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Emotions Essay

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Importance of Emotions and Emotional Intelligence

Obtaining Emotional Intelligence (EI) allows a person to analyze their own feelings towards others while observing the emotions of those around them to formulate responses to both their emotions and the feelings of others. The brain is composed of two sides: the rational mind that provides justification for decisions and the emotional mind that supplies the drive behind impulsive decisions individuals make (Goleman, 2005). EI is a crucial factor in judgment because, without the emotional mind, humans are formulating decisions logically without taking into consideration the motivation behind the choices they make. Goleman posits that EI should be taught as early as grade school because “emotional competencies are learned abilities” (Goleman, 2005, pp. xv).

There are five concepts that permit somebody to acquire EI: self-awareness, self-regulation, motivation, empathy, and social skills (Goleman, 2005). Self-awareness is defined as being aware of the consequences of a person’s present emotions and their effects on others. If this component is active, then a person has an enhanced decision-making process because they recognize how their emotions will impact those around them. Self-regulation consists of maintaining the feelings a person acquires internally. Obtaining self-regulation allows a person to establish resilience by knowing how to control their emotions and change their moods. Motivation is the energizing force, and often the reason, a person experiences the resulting emotions. The ability to comprehend and accept the emotions of others is described as empathy, which allows a person to gain a better perspective of why a person is exhibiting their emotions. Lastly, the fifth concept in EI is social skills and it facilitates the formation of relationships between people.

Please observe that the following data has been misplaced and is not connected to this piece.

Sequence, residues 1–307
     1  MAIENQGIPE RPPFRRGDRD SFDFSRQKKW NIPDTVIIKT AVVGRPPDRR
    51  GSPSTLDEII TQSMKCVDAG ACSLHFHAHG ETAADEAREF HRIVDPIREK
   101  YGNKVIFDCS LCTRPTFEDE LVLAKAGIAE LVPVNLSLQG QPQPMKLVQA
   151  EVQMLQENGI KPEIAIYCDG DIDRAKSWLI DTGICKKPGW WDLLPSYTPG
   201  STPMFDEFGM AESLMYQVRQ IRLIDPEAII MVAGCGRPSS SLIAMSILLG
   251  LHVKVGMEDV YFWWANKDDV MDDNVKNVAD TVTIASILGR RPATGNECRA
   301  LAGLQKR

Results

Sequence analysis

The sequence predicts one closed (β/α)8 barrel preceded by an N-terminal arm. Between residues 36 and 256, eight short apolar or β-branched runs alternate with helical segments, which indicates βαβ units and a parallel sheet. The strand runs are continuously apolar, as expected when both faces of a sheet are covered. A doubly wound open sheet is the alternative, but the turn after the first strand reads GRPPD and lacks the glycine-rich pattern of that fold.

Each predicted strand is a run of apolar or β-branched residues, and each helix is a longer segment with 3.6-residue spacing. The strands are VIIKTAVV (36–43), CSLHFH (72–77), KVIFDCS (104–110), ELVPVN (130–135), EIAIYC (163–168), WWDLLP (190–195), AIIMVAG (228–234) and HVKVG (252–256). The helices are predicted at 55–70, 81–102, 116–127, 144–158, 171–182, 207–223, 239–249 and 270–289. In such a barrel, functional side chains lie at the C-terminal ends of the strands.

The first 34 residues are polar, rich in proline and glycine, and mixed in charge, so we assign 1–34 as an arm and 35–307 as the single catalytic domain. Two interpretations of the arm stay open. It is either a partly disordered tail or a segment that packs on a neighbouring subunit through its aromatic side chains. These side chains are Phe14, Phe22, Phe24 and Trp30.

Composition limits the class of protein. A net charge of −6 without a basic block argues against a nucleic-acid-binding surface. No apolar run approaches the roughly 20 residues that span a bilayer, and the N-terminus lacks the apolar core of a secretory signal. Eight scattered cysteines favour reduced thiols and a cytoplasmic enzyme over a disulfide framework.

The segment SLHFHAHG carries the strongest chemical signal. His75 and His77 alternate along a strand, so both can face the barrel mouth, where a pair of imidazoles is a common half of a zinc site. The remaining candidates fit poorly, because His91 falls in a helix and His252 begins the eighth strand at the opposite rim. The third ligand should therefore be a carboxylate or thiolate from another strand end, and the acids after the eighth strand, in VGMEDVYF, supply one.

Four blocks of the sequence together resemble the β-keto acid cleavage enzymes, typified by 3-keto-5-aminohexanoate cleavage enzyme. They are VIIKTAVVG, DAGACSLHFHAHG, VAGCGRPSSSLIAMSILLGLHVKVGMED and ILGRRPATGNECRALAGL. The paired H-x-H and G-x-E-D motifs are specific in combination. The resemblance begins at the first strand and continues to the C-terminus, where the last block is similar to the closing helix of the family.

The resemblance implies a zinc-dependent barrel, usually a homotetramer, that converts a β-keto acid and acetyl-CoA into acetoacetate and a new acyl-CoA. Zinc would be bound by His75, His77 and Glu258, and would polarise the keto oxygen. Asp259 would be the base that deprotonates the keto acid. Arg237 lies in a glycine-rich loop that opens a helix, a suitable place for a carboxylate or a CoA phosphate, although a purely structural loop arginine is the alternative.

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What makes EI unique is its ability to be applied to countless real-life situations. EI is essential in resolving conflicts within marriages, especially when arguments center around situations that impact both partners’ emotional well-being. If one spouse is upset, the other spouse can utilize EI to determine why their spouse is distraught and how they would feel personally if they were in their partner’s shoes. EI is applicable within the work environment because being aware of others’ emotions enhances teamwork, cooperation, communication, and listening skills between coworkers (Goleman, 2005). Healthcare providers utilize EI when caring for patients, such as being empathetic toward their clients when they receive life-changing diagnoses. They ask their patients how they can achieve their needs as healthcare professionals in an attempt to comprehend what their clients are going through during their hospitalization.